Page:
September 2019

Using In vivo and Histological Surgical Margins in Canine Skin Tumors: Mast cell tumors and Soft Tissue Sarcomas (Grades I and II)

By Dr. Charan Ganta

Surgical removal of tumors is the primary mode of therapy for several skin tumors, provided the surgical margins are free of neoplastic cells. This article is a brief review based on a recent publication that focused on the evaluation of surgical margins in two of the most commonly diagnosed canine skin tumors, grade 1 and 2 cutaneous mast cell tumors (MCT) and soft tissue sarcomas (STS).

Several factors cause the in vivo surgical margins to be longer than the histopathological surgical margins reported by a pathologist. These factors include separation of deeper anatomic layers from the skin, type of tumor, method of histologic sectioning and patient factors.

in vivo canine skin tumor


  • Circumferential surgical margins for both MCT and STS are on average are 8.8 mm and 5 mm smaller, respectively, for histopathologic length vs. in vivo tumor length. The difference in shorter histological length is due to biological variation. MCT often contain more edema, necrosis, collagenolysis, fibrosis, and inflammation compared to STS which usually lack reactive changes adjacent to the tumor margins.
  • In addition, a greater reduction in MCT histopathological margin size is attributed to the infiltrative nature of the neoplastic cells, thus demanding more surgical margins compared to STS.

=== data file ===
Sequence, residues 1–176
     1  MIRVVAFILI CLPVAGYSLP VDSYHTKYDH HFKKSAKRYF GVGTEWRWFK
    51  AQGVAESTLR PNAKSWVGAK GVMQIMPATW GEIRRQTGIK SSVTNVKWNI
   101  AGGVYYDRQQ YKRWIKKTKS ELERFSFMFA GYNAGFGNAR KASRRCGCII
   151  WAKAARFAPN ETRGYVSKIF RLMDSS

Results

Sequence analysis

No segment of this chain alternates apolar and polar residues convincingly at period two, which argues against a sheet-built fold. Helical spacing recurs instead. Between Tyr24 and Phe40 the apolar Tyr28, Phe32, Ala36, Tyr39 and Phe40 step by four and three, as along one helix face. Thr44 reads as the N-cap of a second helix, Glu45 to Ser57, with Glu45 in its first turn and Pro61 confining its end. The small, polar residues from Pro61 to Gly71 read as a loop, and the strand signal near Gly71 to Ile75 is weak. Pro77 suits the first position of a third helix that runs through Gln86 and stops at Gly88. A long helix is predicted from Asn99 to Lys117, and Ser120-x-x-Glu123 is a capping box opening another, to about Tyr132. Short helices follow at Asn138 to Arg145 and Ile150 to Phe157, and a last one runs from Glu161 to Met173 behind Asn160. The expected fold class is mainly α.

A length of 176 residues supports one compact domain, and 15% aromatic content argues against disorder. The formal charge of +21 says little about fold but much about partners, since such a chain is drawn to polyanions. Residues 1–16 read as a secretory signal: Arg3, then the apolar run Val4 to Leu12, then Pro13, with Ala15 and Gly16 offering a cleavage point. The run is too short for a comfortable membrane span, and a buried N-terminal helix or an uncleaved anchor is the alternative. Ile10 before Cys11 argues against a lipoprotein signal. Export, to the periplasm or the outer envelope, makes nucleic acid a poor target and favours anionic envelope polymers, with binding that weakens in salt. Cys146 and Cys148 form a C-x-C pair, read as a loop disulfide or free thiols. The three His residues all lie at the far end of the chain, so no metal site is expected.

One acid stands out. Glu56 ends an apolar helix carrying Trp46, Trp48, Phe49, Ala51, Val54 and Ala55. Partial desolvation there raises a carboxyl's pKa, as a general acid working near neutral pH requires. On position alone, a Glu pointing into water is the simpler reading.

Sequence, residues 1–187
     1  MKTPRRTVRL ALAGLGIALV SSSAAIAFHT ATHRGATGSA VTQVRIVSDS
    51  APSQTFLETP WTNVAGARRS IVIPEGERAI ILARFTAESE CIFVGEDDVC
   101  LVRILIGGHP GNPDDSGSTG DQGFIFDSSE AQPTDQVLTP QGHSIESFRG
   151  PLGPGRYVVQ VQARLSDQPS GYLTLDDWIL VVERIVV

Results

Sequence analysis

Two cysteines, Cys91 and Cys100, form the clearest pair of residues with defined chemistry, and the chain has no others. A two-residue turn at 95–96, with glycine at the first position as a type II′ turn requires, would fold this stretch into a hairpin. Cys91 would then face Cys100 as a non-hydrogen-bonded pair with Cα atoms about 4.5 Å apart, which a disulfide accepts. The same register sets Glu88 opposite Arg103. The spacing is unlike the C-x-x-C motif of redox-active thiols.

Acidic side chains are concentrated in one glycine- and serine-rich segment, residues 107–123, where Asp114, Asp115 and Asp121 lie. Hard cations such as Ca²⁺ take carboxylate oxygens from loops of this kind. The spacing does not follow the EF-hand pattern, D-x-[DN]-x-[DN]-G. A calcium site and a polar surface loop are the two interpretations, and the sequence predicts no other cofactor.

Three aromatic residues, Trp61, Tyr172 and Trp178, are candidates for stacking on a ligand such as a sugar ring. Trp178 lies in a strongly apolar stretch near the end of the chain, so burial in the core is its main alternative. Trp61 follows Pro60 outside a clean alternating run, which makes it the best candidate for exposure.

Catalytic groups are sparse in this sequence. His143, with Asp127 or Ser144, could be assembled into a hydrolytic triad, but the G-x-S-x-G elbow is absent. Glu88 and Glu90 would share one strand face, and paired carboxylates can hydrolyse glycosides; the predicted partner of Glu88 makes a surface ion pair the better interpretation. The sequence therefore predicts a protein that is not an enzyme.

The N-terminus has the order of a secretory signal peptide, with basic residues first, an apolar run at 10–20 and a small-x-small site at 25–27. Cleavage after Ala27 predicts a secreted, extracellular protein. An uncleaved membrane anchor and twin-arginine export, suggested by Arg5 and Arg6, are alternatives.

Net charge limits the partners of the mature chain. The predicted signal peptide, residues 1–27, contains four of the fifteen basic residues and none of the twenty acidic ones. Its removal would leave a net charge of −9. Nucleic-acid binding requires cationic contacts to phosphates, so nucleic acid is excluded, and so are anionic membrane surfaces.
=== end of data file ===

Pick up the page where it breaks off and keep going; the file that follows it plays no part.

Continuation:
• The tumor depth is another important factor that determines the completeness of surgical excision. This remains unchanged between in vivo and post-fixation gross surgical margins, but tumor depth is reduced in MCT’s (1 mm) compared to STS (0.5) due to the infiltrative nature of MCTs.
  • There is no significant reduction in the size of the tumor length along the dorsal, ventral, cranial, caudal planes and the reduction is not influenced by the location of the tumor (truncal vs appendicular), suggesting a uniform shrinkage of tumor in all directions except for deep surgical margins, where the deep margin length remains unchanged.

The above criteria of tumor shrinkage may not apply to all Grade 3, MCTs and STSs as these tumors can be highly infiltrative and often have metastatic lesions by the time of clinical diagnosis, often requiring additional therapeutic interventions besides surgical resection.

Stay tuned for the next newsletter of dermpath focus with recommended histopathological surgical margins for various skin tumors in dogs. References will be provided upon request.

Questions, please contact

Dr. Ganta is a board certified anatomic pathologist in the KSVDL.

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